Melody
Lake Union Publishing | April 2014 | 304 pgs
Source: Library



Catherine McKenzie has a way of building intensity no matter whatever the topics are. Last year I read Fractured; a book about family dynamics and the plot simply blew me away. Hidden is no exceptional but this time around she focused more on the complexity of relationships, personal choices and the responsibilities one has towards his loved ones.

Jeff Manning isn't comfortable of firing anyone, especially if the employee used to his superior. Feeling lost and clueless, he consulted Tish on how to deal with this matter with tact. Tish works in the HR department but in another office building. How Jeff and Tish are close was part of the premise of as both of them are happily married to their spouse and have their own teenage child. Despite the distance, they communicated via phone texts or through office emails and nobody knew about their relationship, not even their colleagues and most of all not even their spouse. While most of our minds would wander if their relationship is leaning towards infidelity, the thing is they are more emotional attached to each other than being physical.

Then on that fateful day after Jeff has asked Art to go, he met an accident on his way home. Needless to say, Claire and their teenage son, Seth, are devastated. On the other end, Tish is devastated too but unlike Claire, she couldn't express her grief openly. However, due to company's practice and being a HR personnel she "volunteers" to attend Jeff's funeral on behalf of the company and from there it opens a can of worms for both women.

But that is not all, Catherine McKenzie brings that relationship complexity up a notch as we see Jeff with his estranged older brother, Tim; as well as Claire's who used to go out with Tim before Jeff and she became a couple.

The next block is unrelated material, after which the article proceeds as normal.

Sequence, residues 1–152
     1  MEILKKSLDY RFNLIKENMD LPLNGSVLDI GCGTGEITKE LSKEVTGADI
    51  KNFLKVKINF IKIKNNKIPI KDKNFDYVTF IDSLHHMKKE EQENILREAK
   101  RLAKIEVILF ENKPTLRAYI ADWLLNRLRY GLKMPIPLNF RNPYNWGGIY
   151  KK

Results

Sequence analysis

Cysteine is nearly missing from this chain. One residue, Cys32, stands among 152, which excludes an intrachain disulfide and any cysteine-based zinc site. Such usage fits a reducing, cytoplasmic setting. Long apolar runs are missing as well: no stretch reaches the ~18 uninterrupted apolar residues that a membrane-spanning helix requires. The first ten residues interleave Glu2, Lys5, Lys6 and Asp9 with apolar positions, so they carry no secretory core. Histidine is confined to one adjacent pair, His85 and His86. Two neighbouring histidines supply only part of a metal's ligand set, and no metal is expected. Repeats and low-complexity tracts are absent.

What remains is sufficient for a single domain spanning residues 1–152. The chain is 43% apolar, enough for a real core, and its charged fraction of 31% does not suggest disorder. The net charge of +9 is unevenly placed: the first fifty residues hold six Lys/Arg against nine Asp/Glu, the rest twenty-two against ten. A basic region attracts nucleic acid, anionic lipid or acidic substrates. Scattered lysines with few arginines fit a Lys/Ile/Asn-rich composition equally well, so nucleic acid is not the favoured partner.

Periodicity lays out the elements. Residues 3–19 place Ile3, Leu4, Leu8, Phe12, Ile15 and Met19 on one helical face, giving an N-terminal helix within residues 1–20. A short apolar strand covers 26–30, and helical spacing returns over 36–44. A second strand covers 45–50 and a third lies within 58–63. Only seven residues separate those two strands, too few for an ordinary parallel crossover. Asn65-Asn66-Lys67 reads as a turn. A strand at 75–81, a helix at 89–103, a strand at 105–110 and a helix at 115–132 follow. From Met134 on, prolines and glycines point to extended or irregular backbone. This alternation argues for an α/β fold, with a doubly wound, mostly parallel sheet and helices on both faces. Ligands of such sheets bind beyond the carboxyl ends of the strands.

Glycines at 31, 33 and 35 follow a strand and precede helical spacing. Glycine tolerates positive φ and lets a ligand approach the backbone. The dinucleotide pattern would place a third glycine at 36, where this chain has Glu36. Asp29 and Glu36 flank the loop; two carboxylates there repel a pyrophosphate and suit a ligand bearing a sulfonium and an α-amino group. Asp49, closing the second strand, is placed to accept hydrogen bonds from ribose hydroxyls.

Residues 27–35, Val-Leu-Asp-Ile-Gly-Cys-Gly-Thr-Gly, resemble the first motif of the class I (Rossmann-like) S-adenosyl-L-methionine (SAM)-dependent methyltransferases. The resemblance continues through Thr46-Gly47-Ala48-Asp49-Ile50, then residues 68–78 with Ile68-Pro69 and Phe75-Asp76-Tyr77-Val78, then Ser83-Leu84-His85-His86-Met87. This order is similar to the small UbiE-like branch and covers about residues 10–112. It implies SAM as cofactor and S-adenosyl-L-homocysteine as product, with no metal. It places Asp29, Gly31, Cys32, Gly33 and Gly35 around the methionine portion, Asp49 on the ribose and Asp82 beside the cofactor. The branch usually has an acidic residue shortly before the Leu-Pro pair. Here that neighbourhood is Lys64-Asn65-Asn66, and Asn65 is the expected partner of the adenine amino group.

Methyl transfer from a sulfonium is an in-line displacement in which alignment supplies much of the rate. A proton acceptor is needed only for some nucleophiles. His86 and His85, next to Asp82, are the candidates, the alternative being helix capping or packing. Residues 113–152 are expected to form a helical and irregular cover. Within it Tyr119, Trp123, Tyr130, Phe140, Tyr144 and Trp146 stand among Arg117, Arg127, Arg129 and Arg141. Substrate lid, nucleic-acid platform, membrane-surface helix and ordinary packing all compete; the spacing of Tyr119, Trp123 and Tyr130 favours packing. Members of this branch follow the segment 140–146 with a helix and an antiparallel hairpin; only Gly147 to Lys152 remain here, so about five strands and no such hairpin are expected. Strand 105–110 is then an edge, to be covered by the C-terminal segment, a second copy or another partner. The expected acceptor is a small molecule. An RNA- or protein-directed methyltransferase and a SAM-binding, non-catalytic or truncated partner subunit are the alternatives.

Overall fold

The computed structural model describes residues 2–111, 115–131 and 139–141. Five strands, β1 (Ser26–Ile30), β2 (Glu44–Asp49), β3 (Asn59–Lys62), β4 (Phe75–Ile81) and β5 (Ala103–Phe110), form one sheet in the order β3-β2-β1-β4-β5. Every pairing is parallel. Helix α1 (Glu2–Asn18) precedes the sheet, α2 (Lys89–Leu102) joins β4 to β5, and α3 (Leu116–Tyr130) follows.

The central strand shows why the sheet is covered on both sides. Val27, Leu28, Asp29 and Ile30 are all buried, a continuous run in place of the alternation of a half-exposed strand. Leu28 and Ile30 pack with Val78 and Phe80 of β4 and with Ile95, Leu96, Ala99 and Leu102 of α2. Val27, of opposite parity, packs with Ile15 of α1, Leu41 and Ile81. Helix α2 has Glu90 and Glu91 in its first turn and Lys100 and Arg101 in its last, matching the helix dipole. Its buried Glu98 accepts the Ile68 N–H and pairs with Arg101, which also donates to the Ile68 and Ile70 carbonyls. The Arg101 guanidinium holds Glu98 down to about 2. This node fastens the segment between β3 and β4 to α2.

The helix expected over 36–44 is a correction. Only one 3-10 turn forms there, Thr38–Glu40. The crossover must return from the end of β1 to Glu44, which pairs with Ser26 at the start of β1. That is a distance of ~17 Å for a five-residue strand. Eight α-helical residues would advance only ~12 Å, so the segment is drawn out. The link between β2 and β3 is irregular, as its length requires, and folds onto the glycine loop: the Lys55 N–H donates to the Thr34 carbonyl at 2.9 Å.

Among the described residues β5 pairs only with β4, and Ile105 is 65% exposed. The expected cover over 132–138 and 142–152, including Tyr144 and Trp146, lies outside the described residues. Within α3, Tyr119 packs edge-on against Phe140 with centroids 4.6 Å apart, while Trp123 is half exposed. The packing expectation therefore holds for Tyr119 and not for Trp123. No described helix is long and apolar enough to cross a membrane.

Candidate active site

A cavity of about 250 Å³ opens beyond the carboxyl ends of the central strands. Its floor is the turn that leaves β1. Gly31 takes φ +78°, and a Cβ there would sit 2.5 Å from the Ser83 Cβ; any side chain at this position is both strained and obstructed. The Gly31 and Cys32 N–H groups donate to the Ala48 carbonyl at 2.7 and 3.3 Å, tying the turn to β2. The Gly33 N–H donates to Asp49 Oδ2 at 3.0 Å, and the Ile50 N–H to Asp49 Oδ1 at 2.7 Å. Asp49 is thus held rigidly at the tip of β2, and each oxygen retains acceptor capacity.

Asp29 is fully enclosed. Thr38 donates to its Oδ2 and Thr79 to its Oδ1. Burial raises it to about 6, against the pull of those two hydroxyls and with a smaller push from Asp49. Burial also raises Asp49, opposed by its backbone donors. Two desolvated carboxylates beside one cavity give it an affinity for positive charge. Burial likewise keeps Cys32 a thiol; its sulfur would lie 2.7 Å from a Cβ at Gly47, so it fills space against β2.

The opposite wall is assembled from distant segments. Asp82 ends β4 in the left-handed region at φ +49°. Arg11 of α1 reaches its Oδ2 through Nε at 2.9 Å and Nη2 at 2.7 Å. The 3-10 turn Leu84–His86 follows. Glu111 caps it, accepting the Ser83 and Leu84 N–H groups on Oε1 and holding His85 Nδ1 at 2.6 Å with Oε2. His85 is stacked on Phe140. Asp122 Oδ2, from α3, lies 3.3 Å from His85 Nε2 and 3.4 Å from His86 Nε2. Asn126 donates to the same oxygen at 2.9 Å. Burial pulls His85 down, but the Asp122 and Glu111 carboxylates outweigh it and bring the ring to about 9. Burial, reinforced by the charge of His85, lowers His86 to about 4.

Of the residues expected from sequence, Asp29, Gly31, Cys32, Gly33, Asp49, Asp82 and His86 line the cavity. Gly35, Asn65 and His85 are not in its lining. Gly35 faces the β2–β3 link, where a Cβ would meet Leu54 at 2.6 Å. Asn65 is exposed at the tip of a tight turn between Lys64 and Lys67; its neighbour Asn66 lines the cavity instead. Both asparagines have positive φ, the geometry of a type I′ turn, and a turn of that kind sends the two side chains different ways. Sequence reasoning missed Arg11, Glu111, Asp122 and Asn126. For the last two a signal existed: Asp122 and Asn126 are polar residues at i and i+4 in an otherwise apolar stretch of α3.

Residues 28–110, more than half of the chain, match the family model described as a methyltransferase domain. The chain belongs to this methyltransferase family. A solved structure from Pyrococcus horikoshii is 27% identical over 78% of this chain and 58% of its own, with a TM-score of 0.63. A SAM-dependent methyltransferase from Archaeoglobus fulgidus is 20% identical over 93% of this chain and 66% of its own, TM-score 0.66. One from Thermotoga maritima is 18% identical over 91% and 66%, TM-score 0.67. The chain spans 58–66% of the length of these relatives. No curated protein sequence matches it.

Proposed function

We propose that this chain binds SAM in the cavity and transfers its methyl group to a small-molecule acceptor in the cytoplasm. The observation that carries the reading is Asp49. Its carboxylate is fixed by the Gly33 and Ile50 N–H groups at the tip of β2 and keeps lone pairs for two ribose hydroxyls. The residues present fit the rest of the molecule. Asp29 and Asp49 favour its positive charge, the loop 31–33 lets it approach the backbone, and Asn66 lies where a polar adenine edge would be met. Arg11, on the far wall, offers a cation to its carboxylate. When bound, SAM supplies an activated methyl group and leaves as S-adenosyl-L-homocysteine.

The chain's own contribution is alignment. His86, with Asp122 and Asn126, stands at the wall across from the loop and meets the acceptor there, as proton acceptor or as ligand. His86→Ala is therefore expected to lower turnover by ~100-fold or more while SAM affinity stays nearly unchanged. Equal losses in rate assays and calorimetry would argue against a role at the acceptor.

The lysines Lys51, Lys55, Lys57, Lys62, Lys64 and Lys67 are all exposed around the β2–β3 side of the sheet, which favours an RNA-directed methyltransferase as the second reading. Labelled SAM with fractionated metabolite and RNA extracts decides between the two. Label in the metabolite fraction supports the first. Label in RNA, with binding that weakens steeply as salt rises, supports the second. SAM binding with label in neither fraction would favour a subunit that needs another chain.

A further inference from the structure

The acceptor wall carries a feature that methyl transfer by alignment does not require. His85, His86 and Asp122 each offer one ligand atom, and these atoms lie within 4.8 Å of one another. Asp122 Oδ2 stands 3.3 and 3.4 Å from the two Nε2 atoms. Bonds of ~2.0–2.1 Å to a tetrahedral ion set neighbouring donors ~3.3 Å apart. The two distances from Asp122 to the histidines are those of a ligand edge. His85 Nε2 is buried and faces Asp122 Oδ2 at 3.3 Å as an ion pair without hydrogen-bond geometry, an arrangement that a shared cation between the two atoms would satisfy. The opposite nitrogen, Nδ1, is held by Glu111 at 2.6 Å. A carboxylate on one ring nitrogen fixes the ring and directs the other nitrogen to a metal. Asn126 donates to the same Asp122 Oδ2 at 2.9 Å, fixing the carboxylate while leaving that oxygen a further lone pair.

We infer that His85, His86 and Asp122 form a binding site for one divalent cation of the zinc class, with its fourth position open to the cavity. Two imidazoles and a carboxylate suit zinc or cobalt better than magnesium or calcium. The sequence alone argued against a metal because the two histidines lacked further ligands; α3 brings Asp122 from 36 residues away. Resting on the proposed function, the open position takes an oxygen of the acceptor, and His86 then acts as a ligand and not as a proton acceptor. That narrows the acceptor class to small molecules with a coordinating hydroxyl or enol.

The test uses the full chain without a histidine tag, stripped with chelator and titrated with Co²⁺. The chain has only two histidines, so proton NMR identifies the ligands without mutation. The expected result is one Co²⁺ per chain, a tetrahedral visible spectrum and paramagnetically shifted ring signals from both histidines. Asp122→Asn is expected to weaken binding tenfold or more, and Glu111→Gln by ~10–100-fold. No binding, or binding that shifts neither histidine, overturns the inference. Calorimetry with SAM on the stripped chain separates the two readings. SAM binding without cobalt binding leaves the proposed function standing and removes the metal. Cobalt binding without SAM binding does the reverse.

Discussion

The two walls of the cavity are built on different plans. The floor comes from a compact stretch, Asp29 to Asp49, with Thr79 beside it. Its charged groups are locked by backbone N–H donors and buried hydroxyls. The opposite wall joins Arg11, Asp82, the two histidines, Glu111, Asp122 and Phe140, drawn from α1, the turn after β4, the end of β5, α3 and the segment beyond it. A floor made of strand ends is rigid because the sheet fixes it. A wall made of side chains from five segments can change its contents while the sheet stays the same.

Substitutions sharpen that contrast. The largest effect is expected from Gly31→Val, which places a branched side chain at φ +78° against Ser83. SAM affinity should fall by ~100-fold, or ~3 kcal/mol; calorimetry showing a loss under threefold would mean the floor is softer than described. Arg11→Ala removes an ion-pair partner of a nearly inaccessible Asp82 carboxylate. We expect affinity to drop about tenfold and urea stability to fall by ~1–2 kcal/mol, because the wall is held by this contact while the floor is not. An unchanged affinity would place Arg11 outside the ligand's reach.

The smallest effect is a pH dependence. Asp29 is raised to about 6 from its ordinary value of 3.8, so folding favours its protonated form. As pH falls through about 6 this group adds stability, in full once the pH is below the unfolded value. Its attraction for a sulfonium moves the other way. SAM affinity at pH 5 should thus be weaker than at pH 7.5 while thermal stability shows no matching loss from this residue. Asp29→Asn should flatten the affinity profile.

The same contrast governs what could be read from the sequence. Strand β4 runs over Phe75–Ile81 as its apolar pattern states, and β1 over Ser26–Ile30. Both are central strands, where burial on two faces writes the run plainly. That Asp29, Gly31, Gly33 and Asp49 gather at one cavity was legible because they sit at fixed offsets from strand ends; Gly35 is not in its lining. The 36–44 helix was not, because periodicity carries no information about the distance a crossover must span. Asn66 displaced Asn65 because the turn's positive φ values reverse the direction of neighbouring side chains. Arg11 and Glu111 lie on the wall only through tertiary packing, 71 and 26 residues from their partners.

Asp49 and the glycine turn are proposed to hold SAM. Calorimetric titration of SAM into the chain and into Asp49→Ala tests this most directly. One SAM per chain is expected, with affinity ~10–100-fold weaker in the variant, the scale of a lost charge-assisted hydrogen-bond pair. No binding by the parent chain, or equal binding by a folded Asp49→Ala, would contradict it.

Narrated by Jeff, Claire and Tish and with chapters alternating between the present and the past, Hidden is an engaging story with a subtle sense of mystery that explores the relationship between a married couple as well as questioning readers if a man and a woman (especially if both are married) be in a platonic relationship without complicating matters? This book would make a great book club discussion and will keep you thinking long after you have finishing reading. 


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8 Responses
  1. jenclair Says:

    I liked The Murder Game by McKenzie's pseudonym Julie Apple,but gave up on Fractured. Hidden sounds good, especially if it keeps you thinking when you've finished.

    The letter I mailed to you on March 4, arrived back in my mail box yesterday with the bottom half and your address torn off. Caught in a machine, I guess. Will try again!


  2. Melody Says:

    Jenclair - Our library doesn't have a copy of The Murder Game so I'll probably buy a copy. 

    No worries about the letter, Jenclair. BTW, I'd sent you a postcard.


  3. Catherine McKenzie does seem to do a good job in terms of writing about relationships. I have read a couple of her books now and enjoyed them. I am glad you liked this one. I think I might too!


  4. Marce Says:

    This sounds amazing, moving up on the list past a few. I have fractured but this one will be read first. As an HR manager and someone that believes emotional affairs are worst than physical sometimes I am totally intrigued. Great review Melody.


  5. Melody Says:

    Wendy - Yes, I think you might like this book, Wendy. This is one of those books wfuch is not only emotional-driven but thought-provoking, too.


  6. Melody Says:

    Marce - Fractured is more intense in sense of the plot but this one is more towards the emotional direction. Both are great reads in my opinion. I hope you'll enjoy reading this and I'll be curious of what you think after you've read it, Marce.


  7. Iliana Says:

    I like the sound of this one! Great review Melody.


  8. Melody Says:

    Iliana - Thanks, Iliana! I hope you'll enjoy this one if you get to it.